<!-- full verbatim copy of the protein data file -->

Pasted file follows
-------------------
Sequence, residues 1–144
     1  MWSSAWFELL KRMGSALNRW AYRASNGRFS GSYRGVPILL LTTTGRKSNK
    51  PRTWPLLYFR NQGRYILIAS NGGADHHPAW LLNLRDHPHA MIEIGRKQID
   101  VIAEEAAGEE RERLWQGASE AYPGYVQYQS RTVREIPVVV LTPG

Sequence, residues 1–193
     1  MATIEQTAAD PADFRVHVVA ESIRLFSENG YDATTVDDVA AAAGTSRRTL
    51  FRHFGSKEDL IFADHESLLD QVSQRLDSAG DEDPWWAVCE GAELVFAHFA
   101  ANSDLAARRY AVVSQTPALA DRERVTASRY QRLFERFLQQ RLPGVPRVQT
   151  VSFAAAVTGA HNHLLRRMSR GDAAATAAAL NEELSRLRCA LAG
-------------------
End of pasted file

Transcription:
Sequence, residues 1–144
     1  MWSSAWFELL KRMGSALNRW AYRASNGRFS GSYRGVPILL LTTTGRKSNK
    51  PRTWPLLYFR NQGRYILIAS NGGADHHPAW LLNLRDHPHA MIEIGRKQID
   101  VIAEEAAGEE RERLWQGASE AYPGYVQYQS RTVREIPVVV LTPG

Sequence, residues 1–193
     1  MATIEQTAAD PADFRVHVVA ESIRLFSENG YDATTVDDVA AAAGTSRRTL
    51  FRHFGSKEDL IFADHESLLD QVSQRLDSAG DEDPWWAVCE GAELVFAHFA
   101  ANSDLAARRY AVVSQTPALA DRERVTASRY QRLFERFLQQ RLPGVPRVQT
   151  VSFAAAVTGA HNHLLRRMSR GDAAATAAAL NEELSRLRCA LAG